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Issue No. 248 26 November 2004  

Australian Idols
It was a week for the little people as Casey won Australian Idol and Rebecca beat the railways. In entertainment and politics it was a young woman from the burbs who ran rings around the pros.


Interview: The Reich Stuff
Robert Reich has led the debate on the future of work � both as an academic and politician. Now he�s on his way to Australia to help NSW unions push the envelope.

Economics: Crime and Punishment
Mark Findlay argues that the present psychological approach to prison programs is increasing the likelihood of re-offending and the threat to community safety.

Environment: Beyond The Wedge
Whether the great forestry divide can ever be overcome or whether it is best sidestepped for the sake of unity and sustainability in other areas is up for debate, writes Tara de Boehmler.

International: The End Of The Lucky Country
Linda Weiss, Elizabeth Thurbon and John Mathews show us How To Kill A Country

Safety: Tests Fail Tests
Nick Lewocki from the RTBU lifts the lid on the shonky science behind RailCorp testing

Politics: Labo(u)r Day
John Robertson lets fly at this years Labor Day dinner

Human Rights: Arabian Lights
Tim Brunero reports on how a Sydney sparky took on the Taliban and lived to tell the tale.

History: Labour's Titan
Percy Brookfield was a big man who was at the heart of the trade union struggles that made Broken Hill a quintessential union town writes Neale Towart.

Review: Foxy Fiasco
To find out who is outfoxing who, read Tara de Boehmler's biased review of a subjective documentary about corrupt journalism.

Poetry: Then I Saw The Light
Brothers and sisters! Praise the Lord! Brother George has saved the White House from an invasion by infidels, writes resident bard David Peetz.


 Helicar Fingers Victims ... Again

 Rabbits Sick of Clover

 What a Banker

 Pack Up and Go Home

 Pratt By Name

 Horror at the Hacienda

 Women Wiped for Bush Jobs

 Veteran Fights Bullet

 Tunneler Survives Death Trap

 Bathurst Three Face Court

 Chullora Cuts Struck Out

 Bully Breaks Heart

 Southern Cross Flies High

 Activists What's On!


The Locker Room
In Naming Rights Only
Phil Doyle has Gone to Gowings

The Soapbox
Homeland Insecurity
Rowan Cahill tells us how the Howard Government�s appointment of Major-General Duncan Lewis to head up the national security division of the Department of Prime Minister and Cabinet has received little critical comment, until now.

The Westie Wing
New proposed legislation in NSW provides a vital window of opportunity for unions to ensure they achieve convictions for workplace deaths, writes Ian West.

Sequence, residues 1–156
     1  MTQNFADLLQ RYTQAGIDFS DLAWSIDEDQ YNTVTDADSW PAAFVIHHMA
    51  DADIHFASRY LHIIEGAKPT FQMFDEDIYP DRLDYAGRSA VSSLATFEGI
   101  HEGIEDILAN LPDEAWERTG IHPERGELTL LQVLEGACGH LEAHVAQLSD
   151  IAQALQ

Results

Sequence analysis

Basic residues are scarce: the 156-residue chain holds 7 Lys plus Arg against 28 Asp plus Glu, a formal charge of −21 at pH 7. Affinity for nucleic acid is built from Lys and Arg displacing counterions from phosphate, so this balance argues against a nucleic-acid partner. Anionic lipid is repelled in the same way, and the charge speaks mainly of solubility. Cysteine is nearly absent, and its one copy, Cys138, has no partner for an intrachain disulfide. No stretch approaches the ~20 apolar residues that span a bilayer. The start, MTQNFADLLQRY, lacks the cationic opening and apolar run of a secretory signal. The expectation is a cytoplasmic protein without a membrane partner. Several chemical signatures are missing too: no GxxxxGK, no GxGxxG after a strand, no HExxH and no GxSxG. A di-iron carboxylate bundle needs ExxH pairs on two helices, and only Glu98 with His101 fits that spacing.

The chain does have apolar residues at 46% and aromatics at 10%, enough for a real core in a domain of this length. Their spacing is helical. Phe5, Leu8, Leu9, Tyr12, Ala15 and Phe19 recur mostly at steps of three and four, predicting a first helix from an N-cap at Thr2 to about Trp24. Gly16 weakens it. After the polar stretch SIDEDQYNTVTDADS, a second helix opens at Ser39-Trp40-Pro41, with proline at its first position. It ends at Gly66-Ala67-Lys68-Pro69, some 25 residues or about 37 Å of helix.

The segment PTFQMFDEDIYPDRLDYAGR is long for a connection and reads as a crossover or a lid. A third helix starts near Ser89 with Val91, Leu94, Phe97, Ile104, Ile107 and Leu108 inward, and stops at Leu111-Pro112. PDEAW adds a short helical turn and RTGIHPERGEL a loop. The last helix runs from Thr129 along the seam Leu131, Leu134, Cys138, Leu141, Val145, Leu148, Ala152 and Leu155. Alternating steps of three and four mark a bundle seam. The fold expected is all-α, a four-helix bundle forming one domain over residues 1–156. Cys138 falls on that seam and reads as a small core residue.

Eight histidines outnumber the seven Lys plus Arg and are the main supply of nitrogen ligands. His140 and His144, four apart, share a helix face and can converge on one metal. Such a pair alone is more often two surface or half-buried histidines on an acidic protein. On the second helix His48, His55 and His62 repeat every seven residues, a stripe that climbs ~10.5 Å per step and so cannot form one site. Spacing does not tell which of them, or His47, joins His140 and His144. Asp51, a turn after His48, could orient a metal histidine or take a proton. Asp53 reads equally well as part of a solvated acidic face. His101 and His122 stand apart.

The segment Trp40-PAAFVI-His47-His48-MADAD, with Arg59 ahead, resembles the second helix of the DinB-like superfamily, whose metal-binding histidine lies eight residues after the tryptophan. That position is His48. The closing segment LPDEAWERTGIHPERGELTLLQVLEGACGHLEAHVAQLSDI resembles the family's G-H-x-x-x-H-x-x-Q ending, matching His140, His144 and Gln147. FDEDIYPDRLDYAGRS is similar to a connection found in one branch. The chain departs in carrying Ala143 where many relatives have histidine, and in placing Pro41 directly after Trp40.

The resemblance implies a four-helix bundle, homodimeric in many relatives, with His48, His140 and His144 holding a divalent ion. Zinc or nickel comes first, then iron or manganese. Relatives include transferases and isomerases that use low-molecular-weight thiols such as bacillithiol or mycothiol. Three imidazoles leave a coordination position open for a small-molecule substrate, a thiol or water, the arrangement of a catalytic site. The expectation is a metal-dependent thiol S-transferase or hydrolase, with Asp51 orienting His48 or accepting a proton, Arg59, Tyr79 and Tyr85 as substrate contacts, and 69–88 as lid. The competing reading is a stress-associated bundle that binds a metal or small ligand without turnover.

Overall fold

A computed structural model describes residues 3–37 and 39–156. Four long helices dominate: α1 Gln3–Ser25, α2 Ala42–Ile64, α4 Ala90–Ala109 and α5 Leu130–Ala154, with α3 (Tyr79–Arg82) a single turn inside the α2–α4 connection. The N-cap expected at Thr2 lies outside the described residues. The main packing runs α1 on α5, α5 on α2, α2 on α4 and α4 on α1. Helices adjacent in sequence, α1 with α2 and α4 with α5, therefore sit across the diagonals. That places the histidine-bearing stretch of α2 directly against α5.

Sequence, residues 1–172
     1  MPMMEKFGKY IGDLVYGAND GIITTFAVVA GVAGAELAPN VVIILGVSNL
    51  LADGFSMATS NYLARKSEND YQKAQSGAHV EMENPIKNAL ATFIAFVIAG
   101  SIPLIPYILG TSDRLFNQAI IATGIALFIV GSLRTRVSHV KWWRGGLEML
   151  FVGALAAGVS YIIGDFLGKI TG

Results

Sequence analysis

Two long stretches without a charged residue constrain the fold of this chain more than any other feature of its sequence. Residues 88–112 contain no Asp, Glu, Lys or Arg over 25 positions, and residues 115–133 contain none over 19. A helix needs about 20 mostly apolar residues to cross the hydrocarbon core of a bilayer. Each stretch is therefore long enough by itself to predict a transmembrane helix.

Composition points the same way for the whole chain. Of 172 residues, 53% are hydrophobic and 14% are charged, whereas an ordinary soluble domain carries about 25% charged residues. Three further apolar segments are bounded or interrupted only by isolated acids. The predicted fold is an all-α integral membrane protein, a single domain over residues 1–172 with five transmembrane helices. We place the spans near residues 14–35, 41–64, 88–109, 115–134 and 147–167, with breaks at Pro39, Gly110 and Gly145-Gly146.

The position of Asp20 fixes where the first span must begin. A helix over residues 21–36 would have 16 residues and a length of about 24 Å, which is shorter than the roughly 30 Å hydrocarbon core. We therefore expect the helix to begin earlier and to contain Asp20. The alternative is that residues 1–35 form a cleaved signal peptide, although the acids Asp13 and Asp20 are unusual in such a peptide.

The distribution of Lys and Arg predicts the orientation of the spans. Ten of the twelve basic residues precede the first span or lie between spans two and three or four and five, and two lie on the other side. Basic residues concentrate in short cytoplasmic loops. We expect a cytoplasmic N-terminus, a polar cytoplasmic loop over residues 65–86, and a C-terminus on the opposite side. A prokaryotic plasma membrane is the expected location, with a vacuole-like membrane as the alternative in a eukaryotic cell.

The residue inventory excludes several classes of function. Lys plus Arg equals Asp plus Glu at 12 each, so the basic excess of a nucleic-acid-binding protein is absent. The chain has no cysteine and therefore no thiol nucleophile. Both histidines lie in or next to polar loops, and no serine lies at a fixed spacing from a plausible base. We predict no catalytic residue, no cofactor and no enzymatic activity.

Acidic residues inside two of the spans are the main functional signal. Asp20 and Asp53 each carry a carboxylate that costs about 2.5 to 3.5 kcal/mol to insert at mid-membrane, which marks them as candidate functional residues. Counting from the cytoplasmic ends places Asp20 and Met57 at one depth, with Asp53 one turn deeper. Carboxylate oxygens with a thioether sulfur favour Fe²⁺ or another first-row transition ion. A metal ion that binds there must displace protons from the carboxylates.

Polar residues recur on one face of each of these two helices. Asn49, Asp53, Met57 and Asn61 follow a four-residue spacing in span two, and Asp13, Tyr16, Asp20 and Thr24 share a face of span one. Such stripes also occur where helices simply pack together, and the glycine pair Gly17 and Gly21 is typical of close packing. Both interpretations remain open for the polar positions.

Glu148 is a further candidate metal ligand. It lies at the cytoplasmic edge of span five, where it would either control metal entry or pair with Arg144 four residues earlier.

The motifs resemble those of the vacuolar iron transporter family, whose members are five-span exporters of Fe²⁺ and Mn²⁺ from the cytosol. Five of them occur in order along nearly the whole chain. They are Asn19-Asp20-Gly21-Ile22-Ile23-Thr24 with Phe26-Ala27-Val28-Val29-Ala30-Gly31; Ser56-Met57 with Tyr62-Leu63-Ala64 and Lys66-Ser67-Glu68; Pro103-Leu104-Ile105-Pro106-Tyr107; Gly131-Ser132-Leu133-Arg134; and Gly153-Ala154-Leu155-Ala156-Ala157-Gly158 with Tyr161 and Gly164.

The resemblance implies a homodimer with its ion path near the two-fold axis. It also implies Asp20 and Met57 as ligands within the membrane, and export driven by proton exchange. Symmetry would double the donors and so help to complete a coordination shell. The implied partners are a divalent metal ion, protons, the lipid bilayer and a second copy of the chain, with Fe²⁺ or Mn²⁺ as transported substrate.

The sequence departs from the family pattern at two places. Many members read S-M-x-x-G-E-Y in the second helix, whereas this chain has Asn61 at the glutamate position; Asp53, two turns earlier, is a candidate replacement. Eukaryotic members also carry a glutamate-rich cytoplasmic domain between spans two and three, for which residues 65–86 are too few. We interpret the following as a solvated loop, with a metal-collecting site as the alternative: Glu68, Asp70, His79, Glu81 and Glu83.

Regarding Pee Poles
 Pee Pole Shame
 Latham Is A Scapegoat
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Pratt By Name

Australia�s second richest man is using helicopters to fly scabs over picket lines in a bid to claw money from sick and injured workers.

Billionaire Richard Pratt was flying strikebreakers into Visy, Dandenong, and bussing them into, Warwick Farm, as the Federal Court rejected his application to have employee resistance declared illegal.

The Federal Court, in Melbourne, rejected Visy's move to use a technicality to force employees in Queensland, WA, Victoria and NSW back to work.

Six hundred workers at 12 sites struck after a national agreement collapsed over company demands to slash the entitlements of workers who fall victim to long-term illness or injury.

The impasse brought negotiations down after AMWU members cleared a number of obstacles, including getting Visy to drop insistence on single-site, non-union agreements.

Print division secretary, Steve Walsh, called the breakdown "very disappointing".

"We thought we had a framework agreement but when we got into the details there were major problems over income protection," he said.

"Under Visy's proposal some people could be seriously disadvantaged."

Negotiators had settled on 14.75 percent wage movements over three years and agreed to establish the first national Visy agreement.

"We got very close," Walsh said, "frustratingly close. This action is an indication of how seriously our members view income protection."

Walsh said the union was ready and willing to negotiate at any time.

The dispute effects Visyboard, Visypaper and Visy Recycling operations in Queensland, WA, Victoria and NSW.

Last week, AMWU members were near unanimous in their support for a three-year agreement hammered out with leading Visy competitor Amcor. It contained 14.75 percent wage movements and maintained income protection.


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